The Telegraph also reported that another unit, the now defunct rapid response unit that was part of the cabinet, hunted the internet for content it considered disinformation.
Covid units are set up to counter disinformation
Subject access requests submitted Professor Heneghan, who has been an outspoken critic of some of the quarantine restrictions, revealed related materials that were collected by the units.
Two links released last week by The Telegraph referred to information filed by the Rapid Response Team, including an article in which Professor Heneghan questioned the scientific principles behind the rule of six.
This can now be revealed . that among other information about Professor Heneghan collected by the units were eight “Telegram message samples” that were registered by the CDU.
One Telegram message read: “According to Oxford MD Professor of Evidence Dr Carl Heneghan, who is also an emergency physician, the majority of deaths from diabetes, heart disease and Alzheimer’s have been classified [sic] as deaths from Covid in the UK ”.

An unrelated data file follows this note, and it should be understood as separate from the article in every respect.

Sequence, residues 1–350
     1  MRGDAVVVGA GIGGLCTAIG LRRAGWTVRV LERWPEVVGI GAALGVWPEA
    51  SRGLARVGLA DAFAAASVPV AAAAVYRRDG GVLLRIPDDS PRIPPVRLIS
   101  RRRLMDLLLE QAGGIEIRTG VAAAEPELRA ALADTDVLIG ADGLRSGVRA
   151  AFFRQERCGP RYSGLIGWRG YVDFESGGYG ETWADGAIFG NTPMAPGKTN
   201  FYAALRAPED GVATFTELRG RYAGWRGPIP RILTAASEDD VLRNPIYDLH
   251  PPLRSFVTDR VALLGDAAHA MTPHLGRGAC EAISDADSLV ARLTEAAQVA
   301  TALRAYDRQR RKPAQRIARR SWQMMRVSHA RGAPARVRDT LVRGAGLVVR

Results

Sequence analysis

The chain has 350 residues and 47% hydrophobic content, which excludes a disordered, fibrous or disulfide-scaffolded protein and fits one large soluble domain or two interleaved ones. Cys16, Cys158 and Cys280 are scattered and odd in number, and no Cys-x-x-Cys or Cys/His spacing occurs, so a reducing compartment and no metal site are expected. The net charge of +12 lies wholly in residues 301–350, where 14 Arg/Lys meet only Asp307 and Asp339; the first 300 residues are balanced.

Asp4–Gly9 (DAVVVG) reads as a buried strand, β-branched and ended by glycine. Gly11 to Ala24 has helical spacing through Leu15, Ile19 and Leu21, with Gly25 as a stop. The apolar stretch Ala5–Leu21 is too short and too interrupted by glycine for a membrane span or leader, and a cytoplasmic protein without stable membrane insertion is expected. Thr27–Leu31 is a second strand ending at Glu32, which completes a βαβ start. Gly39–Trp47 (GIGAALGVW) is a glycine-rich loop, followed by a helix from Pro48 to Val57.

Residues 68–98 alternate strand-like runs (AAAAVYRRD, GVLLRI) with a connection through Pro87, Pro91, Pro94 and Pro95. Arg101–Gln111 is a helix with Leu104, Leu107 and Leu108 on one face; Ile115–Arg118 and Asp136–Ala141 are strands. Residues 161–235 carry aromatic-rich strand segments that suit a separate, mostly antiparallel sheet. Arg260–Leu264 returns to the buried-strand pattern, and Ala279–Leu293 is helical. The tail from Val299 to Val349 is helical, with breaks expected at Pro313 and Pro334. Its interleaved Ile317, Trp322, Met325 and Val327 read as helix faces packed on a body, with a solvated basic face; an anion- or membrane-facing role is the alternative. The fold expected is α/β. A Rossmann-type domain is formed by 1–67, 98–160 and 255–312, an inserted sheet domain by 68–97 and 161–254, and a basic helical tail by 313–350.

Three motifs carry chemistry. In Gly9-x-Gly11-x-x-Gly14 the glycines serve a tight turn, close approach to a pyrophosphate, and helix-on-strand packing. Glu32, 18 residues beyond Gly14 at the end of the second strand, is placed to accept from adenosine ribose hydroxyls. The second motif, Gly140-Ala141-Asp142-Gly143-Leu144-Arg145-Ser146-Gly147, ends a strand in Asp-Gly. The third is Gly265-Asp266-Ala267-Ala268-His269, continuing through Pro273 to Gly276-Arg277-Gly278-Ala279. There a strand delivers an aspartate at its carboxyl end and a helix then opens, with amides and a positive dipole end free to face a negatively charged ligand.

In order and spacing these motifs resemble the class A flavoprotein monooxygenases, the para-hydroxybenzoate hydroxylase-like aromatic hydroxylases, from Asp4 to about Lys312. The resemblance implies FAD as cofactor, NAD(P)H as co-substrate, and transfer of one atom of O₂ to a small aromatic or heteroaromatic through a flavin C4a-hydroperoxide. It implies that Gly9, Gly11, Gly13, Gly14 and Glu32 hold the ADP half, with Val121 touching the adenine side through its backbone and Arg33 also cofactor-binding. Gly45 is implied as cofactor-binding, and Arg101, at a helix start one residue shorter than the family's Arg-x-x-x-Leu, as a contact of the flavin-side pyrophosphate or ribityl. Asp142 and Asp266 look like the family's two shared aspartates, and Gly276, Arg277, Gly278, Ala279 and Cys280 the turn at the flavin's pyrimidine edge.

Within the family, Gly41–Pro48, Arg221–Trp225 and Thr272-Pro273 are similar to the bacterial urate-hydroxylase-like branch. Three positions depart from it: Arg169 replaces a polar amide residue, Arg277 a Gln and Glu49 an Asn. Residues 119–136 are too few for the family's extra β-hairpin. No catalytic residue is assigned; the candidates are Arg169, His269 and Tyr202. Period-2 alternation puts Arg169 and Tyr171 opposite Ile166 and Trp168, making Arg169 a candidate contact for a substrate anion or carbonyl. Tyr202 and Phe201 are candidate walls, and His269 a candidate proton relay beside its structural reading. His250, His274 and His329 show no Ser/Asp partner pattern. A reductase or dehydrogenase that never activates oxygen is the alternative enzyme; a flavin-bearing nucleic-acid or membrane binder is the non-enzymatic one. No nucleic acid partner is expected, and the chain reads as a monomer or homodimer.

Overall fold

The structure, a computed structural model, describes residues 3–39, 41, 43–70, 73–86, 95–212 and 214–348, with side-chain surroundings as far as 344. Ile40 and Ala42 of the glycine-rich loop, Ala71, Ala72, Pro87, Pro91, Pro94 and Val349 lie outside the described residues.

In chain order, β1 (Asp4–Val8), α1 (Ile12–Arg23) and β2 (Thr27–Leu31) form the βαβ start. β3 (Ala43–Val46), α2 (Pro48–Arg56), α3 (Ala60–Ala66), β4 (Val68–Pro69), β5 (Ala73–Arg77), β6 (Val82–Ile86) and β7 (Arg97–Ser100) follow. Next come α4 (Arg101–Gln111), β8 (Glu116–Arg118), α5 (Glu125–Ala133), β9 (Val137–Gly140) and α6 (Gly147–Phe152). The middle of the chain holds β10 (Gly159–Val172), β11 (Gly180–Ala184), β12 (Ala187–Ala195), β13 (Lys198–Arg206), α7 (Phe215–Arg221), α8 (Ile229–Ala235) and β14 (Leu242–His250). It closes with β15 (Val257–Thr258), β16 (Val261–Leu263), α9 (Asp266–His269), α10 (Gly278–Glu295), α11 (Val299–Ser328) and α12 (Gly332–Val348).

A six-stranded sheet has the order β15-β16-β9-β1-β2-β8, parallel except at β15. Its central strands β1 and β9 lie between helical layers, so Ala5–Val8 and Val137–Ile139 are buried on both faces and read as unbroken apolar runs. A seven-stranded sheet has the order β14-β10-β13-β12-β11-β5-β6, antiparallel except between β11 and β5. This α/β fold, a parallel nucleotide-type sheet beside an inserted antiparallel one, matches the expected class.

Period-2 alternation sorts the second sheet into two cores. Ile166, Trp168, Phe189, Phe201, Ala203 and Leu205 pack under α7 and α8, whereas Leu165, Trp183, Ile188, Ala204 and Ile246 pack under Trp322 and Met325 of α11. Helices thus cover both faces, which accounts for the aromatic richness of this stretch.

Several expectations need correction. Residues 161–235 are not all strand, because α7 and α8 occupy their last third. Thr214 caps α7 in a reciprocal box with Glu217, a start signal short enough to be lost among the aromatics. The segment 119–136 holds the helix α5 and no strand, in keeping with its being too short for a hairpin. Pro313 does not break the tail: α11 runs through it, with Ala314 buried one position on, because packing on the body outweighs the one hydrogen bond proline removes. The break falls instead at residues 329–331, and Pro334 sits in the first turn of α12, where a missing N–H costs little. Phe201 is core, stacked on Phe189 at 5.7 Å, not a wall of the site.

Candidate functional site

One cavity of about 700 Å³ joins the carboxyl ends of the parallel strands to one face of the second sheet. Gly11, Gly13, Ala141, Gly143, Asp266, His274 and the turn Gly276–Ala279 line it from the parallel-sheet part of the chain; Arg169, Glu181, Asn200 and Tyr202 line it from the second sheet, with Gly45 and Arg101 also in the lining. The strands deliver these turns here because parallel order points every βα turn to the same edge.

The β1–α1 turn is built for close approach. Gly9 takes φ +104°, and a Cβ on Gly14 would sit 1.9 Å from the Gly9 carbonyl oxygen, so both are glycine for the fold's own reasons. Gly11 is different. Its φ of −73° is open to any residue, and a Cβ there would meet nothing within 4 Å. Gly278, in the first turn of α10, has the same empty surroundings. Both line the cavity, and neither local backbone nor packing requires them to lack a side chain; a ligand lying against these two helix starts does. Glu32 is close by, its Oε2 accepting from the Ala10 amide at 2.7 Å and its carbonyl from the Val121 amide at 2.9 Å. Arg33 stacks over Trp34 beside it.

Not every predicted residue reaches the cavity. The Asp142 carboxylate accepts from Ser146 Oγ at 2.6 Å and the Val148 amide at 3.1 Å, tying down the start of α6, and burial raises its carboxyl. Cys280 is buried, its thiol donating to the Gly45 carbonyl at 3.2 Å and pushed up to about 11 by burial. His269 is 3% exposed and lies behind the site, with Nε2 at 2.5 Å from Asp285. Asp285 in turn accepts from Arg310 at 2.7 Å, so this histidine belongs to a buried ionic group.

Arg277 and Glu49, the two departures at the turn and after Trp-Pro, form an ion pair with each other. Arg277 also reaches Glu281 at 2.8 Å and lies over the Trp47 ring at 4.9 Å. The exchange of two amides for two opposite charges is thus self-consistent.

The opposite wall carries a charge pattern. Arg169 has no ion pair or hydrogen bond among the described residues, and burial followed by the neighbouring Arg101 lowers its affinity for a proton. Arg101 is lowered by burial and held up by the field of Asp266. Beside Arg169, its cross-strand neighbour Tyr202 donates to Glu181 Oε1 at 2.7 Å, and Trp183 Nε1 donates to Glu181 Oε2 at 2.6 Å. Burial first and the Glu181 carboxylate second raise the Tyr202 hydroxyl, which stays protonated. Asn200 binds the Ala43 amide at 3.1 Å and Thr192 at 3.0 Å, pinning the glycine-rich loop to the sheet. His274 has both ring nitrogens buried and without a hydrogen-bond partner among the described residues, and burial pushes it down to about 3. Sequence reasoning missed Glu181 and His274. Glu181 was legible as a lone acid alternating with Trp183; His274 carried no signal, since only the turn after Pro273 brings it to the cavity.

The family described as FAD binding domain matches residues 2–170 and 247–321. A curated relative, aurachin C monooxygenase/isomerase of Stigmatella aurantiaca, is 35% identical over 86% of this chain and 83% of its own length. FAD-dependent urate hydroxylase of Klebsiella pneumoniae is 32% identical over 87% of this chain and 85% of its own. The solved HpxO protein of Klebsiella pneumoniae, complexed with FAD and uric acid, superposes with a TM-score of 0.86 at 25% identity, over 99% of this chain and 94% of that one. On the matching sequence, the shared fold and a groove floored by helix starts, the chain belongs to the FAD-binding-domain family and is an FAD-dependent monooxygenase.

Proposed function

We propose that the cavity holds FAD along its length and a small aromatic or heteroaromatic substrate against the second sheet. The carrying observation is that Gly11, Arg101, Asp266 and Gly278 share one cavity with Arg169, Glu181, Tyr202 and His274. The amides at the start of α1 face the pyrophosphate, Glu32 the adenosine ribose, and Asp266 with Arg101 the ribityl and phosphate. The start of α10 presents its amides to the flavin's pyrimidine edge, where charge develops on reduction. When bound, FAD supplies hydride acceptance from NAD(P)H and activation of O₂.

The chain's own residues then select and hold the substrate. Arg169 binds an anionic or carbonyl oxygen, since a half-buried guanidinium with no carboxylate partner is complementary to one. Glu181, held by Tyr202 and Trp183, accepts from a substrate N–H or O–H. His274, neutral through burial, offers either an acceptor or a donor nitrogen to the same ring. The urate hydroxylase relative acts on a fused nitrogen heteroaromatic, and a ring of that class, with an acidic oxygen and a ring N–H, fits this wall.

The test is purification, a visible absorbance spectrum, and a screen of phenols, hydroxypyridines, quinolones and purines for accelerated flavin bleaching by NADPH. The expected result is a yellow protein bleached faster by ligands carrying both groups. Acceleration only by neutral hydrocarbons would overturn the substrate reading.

Another raised an Irish parliamentary committee report that is “based on the expert advice of Professor Carl Heneghan” and referred to how he noted that “cloth masks “may actually increase the risk of infection” and explained the shortcomings obligatory policies based on observational data as contrary to scientific evidence.”
During the pandemic, there has been a lot of debate about the effectiveness of face masks and recently a UK Health Agency report failed to find a single scientific study that had usable data when they did a quick review of whether the masks were high quality. protect clinically vulnerable people.
Writing for the Telegraph, Prof. Heneghan and colleague Dr. Tom Jefferson stated that they believed “the government took covert action to shut down what it saw as disinformation: it doesn't dislike criticism, opposition, or hostility to its policies.”
They added: “Over-reliance on the low-quality science of modellers and the opinion of a select few has led the government to resort to covert surveillance tactics to protect itself.”
As of last year, Telegram had over 700 million active users worldwide. Millions of people have flocked to Telegram and Signal, an alternative secure messaging service, due to WhatsApp privacy concerns and Facebook and Twitter deleting thousands of far-right accounts following the storming of the US Capitol in 2021.
In 2018, Theresa May criticized Telegram for being “home to criminals and terrorists.”
Telegram did not respond to a request for comment.